4. I wish I had stayed in touch with my friends. Often they would not truly realize the full benefits of old friends until their dying weeks. Many had become so caught up in their own lives that they had let friendships slip by over the years. There were many deep regrets about not giving friendships the time and effort that they deserved. Everyone misses their friends when they are dying.
5. I wish I had let myself be happier. Many did not realize until the end that happiness is a choice. They had stayed stuck in old patterns and habits. The so-called ‘comfort’ of familiarity overflowed into their emotions.
Life is a dance, alone, or with beloved persons. Happiness is a choice and everybody has to make this choice on his own. But you have to make it soon! Time is the only thing, once spent, never comes back.
What’s your greatest regret so far, and what will you set out to achieve or change? And WHEN?

shared with you, borrowed from -Marlis Egger | Textile Art 

March 15, 2012

Newspaper Sculpture

Newspaper Sculpture
I can't believe what got into me!

I have been mulling over sculptural shapes for  2 years now. I would love to be doing bronzes but they are quite expensive and storage is a problem and then there is the concern about how to get them to shows?  Obviously sculptors have answers to a whole world of concerns that fiber artists don't need to worry about. So anyway, I got something out of my head and into reality. It is just crumpled newspaper and masking tape. I should have taken process photos but I was in the flow. At one point it looked more female and she had a flurry of newspaper ruffles flaming from the back of her head. It was really pretty. I will definitely revisit this.

March 13, 2012

Archeology work mentioned in Botswana news!

Well, the world just keeps getting smaller and more accessible.
 It's hard to believe that my son heads off to Berlin for study abroad this month and that he will have unfettered access to former East Berlin.( I remember my college buddy traveling there and witnessing the wall coming down in 1989. She brought me a piece.)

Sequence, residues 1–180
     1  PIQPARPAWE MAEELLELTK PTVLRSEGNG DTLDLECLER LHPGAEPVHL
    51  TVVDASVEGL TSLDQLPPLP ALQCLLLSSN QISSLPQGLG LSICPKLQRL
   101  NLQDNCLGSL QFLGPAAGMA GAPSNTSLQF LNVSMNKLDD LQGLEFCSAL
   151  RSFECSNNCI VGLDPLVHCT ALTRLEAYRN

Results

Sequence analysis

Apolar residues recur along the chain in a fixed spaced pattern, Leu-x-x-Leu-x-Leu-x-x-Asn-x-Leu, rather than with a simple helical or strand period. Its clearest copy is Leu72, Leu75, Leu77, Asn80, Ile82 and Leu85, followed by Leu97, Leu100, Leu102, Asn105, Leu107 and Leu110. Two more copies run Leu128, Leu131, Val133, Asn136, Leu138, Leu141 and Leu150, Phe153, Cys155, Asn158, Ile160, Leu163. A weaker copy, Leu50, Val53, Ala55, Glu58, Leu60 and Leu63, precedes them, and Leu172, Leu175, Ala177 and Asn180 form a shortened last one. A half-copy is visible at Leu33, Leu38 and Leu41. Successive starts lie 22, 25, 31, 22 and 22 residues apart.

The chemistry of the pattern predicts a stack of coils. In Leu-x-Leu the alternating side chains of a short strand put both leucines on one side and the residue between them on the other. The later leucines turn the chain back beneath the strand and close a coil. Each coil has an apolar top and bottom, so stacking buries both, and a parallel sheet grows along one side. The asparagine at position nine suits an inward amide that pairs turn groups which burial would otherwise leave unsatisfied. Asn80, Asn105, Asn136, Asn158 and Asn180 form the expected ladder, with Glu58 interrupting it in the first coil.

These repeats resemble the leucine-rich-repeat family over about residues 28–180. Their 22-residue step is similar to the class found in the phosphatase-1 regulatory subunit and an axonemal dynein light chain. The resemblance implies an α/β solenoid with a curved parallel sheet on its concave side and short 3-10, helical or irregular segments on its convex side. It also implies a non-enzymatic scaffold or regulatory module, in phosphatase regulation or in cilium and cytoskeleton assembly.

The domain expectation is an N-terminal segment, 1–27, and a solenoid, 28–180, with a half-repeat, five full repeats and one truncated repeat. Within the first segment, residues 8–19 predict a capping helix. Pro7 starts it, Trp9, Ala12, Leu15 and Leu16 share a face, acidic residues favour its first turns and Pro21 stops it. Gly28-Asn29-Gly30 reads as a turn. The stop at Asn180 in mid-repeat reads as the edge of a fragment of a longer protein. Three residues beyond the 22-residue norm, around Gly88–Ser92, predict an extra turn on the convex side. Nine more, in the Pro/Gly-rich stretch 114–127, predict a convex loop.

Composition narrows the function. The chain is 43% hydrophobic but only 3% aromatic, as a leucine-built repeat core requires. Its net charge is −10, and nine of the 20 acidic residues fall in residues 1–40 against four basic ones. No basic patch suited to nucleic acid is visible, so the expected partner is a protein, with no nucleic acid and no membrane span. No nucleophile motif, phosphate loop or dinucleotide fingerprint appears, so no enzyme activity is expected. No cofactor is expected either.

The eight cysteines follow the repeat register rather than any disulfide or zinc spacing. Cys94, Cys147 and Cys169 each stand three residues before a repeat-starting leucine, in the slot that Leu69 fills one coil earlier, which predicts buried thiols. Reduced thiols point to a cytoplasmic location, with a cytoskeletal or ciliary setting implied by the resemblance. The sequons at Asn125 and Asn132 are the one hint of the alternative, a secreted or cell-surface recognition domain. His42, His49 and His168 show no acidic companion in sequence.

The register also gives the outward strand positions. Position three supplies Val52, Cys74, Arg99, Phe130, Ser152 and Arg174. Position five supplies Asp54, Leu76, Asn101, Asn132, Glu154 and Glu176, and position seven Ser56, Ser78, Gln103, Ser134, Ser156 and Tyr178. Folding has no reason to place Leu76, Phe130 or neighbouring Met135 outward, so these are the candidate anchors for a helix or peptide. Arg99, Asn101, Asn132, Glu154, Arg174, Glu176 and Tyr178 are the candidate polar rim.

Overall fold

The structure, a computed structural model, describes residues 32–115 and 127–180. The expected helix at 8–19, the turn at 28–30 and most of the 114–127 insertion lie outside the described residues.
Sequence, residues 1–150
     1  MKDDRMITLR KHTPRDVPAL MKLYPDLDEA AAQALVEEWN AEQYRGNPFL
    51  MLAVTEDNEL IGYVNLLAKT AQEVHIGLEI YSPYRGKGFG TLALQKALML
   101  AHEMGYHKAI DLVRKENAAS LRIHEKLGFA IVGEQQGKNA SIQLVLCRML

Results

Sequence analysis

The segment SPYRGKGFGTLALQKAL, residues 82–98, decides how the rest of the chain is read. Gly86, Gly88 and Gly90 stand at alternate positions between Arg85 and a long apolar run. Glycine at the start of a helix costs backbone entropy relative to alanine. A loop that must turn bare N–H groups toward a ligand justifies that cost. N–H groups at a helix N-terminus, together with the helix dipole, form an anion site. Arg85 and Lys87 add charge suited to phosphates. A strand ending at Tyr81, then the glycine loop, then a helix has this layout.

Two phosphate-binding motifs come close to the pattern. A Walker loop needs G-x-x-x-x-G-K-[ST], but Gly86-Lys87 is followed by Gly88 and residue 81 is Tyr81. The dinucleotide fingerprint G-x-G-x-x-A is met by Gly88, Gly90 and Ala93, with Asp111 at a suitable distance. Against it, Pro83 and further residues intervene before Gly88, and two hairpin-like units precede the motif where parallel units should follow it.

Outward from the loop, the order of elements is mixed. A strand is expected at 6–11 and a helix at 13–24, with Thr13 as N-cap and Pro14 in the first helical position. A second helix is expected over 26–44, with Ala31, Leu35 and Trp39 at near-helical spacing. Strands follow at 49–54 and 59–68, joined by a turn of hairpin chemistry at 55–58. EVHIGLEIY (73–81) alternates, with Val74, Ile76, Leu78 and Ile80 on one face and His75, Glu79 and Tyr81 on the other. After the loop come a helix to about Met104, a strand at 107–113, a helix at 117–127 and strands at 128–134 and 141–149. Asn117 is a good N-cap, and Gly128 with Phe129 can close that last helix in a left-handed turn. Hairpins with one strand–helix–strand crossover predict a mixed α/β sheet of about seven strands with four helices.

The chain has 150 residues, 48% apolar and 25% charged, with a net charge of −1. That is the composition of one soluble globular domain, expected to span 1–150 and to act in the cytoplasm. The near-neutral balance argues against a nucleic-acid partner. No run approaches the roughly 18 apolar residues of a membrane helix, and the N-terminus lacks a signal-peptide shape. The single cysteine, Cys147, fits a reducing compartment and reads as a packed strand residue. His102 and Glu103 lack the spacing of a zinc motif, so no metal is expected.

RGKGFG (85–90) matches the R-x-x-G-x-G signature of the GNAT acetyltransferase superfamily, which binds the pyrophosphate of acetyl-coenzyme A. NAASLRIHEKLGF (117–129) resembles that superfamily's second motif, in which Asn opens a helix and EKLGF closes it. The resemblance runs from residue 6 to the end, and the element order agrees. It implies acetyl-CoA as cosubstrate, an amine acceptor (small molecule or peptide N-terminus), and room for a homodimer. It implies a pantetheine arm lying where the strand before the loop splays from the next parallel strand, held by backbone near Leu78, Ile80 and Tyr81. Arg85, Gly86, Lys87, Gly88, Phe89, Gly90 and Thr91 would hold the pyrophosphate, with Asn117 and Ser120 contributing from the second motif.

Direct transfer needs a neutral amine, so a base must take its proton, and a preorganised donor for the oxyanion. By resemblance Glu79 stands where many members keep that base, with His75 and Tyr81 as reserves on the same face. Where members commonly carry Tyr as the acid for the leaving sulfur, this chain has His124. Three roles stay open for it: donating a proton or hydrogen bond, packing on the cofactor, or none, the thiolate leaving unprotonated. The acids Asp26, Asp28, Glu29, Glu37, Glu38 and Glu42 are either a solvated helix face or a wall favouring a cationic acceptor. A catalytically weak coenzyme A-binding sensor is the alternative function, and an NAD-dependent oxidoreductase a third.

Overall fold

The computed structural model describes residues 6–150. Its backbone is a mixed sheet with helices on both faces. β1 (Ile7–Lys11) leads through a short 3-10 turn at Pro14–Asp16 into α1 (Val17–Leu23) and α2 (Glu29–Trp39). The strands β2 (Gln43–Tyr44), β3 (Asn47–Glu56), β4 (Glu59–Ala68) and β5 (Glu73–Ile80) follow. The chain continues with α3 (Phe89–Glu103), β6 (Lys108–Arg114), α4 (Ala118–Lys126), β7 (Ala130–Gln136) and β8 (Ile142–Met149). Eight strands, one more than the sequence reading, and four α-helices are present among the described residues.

It is equally hard to believe that my artwork has traveled to England, France and now several times to Africa. This article mentions one of my pieces! Archeology Fragment #5 . This was designed after the full page of the NY Times which has 5 columns, a space for the fold and 5 more columns. 28 x 28". Following is a detail.
Archeology Fragment #5, 2009, 28 x28" Kevan Lunney, 

Detail Archeology Fragment #5, Kevan Lunney
 Thanks to Cindy Friedman who is a member of Fiber Revolution with myself and 23 others, we all share this remarkable opportunity. Her husband runs an HIV/ AIDS clinic in Botswana with the University of PA. Her travels there have acquainted her with a lovely woman owned business , Kalahari Quilts. The article explains more about the connection and the current show there. Cindy has also arranged to have some of these Botswana- made quilts to travel with ours in the US. You can see pictures of the quilts and gallery at www.Fiber under Past Exhibits.

The full article-
an excerpt-
She said that she was happy that many Batswana were showing some interest in the art of quilting.
She then talked about her colleague’s pieces that were on display. One of the wall hangings was titled “Acheological Fragments”. 

She said that the piece is all about the artist’s imagination on what archaeologists will find when they dig in the land. She noted that the wall hanging  was created from a combination of fabrics and golden leaf.  The piece looks like an Ancient scroll with some unreadable words on it. Only three words have been stitched and can be read when someone is close to the piece.

Currently, wall hangings are available at the ongoing exhibition which  ends today (Sunday) while other products, such as bed quilts, cell phone pouches, pot holders, bags and stuffed animals are sold at their store.

February 8, 2012

Archeology- Suitcases From the Past

Go to this site to see a photographers documentation of suitcases which were stored away in a Psychiatric hospital for many years. Touching. Photographer Jon Crispin.

Jon Crispin Photographer